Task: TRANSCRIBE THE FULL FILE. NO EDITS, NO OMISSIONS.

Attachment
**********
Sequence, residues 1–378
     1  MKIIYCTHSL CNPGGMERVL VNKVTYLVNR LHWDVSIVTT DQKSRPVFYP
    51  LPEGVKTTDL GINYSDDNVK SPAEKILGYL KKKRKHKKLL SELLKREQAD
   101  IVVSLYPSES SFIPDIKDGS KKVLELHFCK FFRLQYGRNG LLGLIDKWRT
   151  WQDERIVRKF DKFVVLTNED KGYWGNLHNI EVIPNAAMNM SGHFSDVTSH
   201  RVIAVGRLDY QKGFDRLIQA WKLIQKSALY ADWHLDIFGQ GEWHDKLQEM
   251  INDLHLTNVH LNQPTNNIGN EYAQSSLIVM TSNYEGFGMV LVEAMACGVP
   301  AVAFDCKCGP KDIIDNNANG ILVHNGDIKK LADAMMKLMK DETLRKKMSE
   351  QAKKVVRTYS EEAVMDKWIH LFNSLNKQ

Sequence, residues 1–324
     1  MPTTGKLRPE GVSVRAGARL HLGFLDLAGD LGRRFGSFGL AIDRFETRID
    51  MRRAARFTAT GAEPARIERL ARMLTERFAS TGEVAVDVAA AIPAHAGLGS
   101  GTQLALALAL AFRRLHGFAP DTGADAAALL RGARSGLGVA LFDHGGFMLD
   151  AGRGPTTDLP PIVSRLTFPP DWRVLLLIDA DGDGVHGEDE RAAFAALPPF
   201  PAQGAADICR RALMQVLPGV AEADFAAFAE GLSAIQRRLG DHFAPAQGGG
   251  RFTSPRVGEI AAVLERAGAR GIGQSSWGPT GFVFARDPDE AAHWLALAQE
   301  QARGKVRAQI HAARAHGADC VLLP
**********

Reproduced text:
Sequence, residues 1–378
     1  MKIIYCTHSL CNPGGMERVL VNKVTYLVNR LHWDVSIVTT DQKSRPVFYP
    51  LPEGVKTTDL GINYSDDNVK SPAEKILGYL KKKRKHKKLL SELLKREQAD
   101  IVVSLYPSES SFIPDIKDGS KKVLELHFCK FFRLQYGRNG LLGLIDKWRT
   151  WQDERIVRKF DKFVVLTNED KGYWGNLHNI EVIPNAAMNM SGHFSDVTSH
   201  RVIAVGRLDY QKGFDRLIQA WKLIQKSALY ADWHLDIFGQ GEWHDKLQEM
   251  INDLHLTNVH LNQPTNNIGN EYAQSSLIVM TSNYEGFGMV LVEAMACGVP
   301  AVAFDCKCGP KDIIDNNANG ILVHNGDIKK LADAMMKLMK DETLRKKMSE
   351  QAKKVVRTYS EEAVMDKWIH LFNSLNKQ

Sequence, residues 1–324
     1  MPTTGKLRPE GVSVRAGARL HLGFLDLAGD LGRRFGSFGL AIDRFETRID
    51  MRRAARFTAT GAEPARIERL ARMLTERFAS TGEVAVDVAA AIPAHAGLGS
   101  GTQLALALAL AFRRLHGFAP DTGADAAALL RGARSGLGVA LFDHGGFMLD
   151  AGRGPTTDLP PIVSRLTFPP DWRVLLLIDA DGDGVHGEDE RAAFAALPPF
   201  PAQGAADICR RALMQVLPGV AEADFAAFAE GLSAIQRRLG DHFAPAQGGG
   251  RFTSPRVGEI AAVLERAGAR GIGQSSWGPT GFVFARDPDE AAHWLALAQE
   301  QARGKVRAQI HAARAHGADC VLLP